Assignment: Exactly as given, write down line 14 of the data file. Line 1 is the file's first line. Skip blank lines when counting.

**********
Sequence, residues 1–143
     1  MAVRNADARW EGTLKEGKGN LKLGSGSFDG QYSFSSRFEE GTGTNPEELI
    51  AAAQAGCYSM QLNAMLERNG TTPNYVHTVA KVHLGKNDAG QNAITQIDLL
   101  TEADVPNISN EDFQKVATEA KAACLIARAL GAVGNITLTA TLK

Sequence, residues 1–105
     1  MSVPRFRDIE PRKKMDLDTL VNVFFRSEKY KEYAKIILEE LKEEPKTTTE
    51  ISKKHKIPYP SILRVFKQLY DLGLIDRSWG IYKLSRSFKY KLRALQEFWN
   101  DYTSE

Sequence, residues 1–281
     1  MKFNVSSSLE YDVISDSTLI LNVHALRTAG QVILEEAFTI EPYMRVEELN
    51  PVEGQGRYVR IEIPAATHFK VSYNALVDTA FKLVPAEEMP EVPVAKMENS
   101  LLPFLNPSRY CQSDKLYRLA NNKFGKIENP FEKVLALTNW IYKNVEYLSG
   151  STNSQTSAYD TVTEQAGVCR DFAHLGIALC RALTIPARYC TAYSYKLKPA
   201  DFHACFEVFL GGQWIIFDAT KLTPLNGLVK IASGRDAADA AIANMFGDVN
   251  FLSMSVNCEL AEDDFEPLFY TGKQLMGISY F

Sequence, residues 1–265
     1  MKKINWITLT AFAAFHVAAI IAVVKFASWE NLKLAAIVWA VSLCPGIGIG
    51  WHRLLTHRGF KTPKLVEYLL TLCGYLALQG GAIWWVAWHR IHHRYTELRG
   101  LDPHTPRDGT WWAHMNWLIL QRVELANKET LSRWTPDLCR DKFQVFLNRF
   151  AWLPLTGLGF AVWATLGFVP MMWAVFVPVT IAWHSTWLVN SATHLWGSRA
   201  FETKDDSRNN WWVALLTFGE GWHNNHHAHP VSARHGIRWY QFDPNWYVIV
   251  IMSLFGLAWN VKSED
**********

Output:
   201  DFHACFEVFL GGQWIIFDAT KLTPLNGLVK IASGRDAADA AIANMFGDVN